reasons India impresses Westerners most. It’s a symbol of the exotic East. It’s jammed pack with people—soon to be the most populated country in the world in only the seventh largest area. It gave humanity two of its major religions, Hinduism and Buddhism. It’s home to the Taj Mahal, bengal tigers, Harmandir Sahib (pictured), the Sand Dunes of Rajasthan and Radhanagar Beach.
Here’s what you need to know to maximize your sanity while there:
Most people, including locals, express this point with multiple exclamation points. So expect maddening crowds. Crushes of people. Sharp sounds and pungent smells. Hounding, break-your-heart but best-to-ignore child beggars. Sensory overload. Slumdog millionaire(s). “After India, other countries feel like they have the sound turned down,” writes Lonely Planet.
As a foreigner, you’ll be advised to take a number of vaccinations before visiting. Even still, you probably get a harmless case of “Delhi belly,” upset stomach, or other digestive fun days. To minimize their occurrence, drink bottled water and avoid both tap water and ice, filtered or not. Also avoid street food. Never mind how tempting it looks. The short-lived excitement likely won’t justify the associated—albeit temporary—health risks. You’ve been warned.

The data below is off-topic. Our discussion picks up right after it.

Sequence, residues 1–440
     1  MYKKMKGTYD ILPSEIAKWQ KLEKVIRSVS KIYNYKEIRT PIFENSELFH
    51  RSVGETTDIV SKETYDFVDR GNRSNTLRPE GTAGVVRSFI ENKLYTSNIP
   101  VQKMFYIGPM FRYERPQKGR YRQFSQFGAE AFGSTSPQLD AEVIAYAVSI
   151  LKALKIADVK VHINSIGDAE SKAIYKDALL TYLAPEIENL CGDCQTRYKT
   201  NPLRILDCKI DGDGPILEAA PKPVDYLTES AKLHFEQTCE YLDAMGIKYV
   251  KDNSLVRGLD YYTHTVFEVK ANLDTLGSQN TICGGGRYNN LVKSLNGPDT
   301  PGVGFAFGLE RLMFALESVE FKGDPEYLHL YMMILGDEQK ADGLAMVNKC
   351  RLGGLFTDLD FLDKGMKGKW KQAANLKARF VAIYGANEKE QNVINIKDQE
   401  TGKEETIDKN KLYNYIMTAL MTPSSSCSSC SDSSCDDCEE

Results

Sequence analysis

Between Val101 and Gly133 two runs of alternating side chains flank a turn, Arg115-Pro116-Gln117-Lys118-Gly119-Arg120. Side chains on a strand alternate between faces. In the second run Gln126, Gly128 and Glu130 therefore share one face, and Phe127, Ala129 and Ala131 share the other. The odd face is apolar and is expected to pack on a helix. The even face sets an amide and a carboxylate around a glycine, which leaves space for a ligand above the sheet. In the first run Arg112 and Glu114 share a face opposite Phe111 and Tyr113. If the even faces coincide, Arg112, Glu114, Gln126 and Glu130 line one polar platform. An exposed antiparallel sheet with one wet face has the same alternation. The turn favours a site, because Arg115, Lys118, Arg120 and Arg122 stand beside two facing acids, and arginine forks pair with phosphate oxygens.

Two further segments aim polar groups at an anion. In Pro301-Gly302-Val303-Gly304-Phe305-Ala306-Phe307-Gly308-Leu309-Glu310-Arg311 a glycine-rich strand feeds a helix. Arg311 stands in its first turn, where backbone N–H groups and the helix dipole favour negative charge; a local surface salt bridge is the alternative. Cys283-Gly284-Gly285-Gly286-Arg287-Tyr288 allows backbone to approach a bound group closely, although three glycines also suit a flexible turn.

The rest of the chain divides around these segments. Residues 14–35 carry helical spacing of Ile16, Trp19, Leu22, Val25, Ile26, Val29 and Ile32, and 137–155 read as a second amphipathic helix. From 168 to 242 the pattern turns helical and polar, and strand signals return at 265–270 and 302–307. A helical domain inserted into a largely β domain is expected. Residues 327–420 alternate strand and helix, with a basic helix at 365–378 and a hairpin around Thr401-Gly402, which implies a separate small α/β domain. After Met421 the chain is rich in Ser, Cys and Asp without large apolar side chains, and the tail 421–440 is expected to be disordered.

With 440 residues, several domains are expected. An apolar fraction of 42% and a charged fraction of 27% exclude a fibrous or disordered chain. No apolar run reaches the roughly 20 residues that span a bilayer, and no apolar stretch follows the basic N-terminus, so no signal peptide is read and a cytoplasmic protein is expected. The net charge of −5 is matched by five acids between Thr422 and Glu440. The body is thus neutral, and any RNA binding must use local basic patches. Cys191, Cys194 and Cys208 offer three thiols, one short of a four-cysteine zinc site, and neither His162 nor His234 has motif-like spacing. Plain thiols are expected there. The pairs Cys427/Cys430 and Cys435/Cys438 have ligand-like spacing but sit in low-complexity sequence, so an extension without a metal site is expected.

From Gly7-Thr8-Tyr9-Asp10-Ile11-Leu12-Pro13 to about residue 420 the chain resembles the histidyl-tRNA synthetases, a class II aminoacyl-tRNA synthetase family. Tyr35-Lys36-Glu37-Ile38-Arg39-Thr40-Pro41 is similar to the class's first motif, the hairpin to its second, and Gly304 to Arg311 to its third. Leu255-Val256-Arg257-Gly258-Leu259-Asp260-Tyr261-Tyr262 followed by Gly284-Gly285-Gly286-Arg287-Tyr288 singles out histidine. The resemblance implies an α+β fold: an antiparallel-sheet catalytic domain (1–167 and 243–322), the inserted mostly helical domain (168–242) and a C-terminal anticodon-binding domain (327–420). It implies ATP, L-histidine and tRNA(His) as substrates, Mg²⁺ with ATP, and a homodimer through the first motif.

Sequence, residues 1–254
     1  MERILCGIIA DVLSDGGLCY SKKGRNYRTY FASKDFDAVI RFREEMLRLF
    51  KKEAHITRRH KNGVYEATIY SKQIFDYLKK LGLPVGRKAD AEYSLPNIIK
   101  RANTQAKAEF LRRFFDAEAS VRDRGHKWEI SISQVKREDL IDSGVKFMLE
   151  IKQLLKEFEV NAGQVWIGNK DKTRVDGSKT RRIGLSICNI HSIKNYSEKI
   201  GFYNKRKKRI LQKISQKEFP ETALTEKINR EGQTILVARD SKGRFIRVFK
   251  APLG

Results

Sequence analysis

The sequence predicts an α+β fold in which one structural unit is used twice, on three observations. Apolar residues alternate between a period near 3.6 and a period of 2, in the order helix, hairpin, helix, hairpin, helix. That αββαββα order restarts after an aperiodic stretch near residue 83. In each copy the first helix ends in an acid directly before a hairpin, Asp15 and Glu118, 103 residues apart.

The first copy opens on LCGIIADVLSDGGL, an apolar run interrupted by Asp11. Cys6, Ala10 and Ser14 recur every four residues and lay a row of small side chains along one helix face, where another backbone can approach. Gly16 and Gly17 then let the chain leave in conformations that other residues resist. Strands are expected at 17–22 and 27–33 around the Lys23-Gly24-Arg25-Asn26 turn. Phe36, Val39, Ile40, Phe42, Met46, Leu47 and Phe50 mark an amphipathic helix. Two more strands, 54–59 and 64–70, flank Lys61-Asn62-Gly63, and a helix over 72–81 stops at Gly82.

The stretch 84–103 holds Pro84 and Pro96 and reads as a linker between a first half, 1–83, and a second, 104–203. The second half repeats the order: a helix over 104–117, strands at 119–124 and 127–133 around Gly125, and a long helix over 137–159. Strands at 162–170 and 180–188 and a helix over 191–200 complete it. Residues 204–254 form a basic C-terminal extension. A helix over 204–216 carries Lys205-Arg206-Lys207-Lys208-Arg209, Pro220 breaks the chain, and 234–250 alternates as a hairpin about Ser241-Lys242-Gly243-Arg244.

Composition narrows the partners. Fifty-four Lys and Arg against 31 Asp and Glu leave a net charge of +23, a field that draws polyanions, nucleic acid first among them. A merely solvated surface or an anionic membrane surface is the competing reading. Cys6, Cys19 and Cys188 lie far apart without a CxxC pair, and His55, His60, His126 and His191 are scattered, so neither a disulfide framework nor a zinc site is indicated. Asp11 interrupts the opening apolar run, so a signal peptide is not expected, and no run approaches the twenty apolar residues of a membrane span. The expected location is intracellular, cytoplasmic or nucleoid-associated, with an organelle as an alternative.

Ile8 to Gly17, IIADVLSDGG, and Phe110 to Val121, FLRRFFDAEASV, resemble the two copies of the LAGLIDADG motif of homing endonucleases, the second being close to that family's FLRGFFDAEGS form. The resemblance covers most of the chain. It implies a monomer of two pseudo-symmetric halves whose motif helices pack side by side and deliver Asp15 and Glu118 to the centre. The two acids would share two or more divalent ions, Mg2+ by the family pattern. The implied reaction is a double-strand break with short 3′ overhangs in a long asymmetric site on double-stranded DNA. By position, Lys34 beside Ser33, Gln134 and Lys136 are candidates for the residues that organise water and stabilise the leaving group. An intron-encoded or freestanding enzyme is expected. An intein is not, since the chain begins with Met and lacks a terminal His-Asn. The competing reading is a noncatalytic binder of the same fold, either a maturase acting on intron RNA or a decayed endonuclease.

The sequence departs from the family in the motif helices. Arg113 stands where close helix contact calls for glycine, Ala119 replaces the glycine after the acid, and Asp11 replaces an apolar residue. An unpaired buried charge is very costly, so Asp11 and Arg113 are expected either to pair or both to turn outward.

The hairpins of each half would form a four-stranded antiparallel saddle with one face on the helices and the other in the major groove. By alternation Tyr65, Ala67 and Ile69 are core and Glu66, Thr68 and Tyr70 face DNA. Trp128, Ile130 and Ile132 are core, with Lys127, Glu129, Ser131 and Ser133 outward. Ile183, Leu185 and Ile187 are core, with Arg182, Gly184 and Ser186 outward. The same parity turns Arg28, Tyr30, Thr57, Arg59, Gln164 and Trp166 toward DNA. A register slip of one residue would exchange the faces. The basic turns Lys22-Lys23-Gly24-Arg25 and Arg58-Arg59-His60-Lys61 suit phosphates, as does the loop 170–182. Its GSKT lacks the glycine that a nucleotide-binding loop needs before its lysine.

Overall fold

Although English is the co-official language and widely used throughout the country, a few Hindi phrases will serve you well. For instance, namaskar (hello), shukriya (thank you) and kitna hai (how much?). When dining or tour guiding, tipping of about 10 percent is appreciated. For most visitors, rickshaws, taxis and long-distance trains are the preferred method of travel, as buses and short-distance trains are often criticized for overcrowding. To avoid being scammed, agree to a pre-paid rate at an official counter, never buy a ticket from a third party and politely decline insistent help from overly friendly strangers.
India is, for the most part, safe. That said, there are some things you should know, starting with the State Department’s travel advisories. That goes for avoiding unstable areas, knowing popular scams and women being cautioned not to travel alone given the reported rise of assaults. Seasoned travelers recommend staying at reputable hotels, politely declining distracting or cheap offers, and covering your shoulders and legs, even though you’ll want to air them out in hotter parts of the country.
If I undersold India, it’s only because this complex, developing country deserves special attention. Some might disagree with the consensus guidelines cited above, but everyone agrees that India is largely worth the inconvenience. Best time to visit is October-March or July-September for the Himalayas. Jai hind!
Photo: Paulrudd, CC-BY
Off the Grid columnist Blake Snow writes epic stories for fancy publications and Fortune 500 companies. Follow him on Twitter.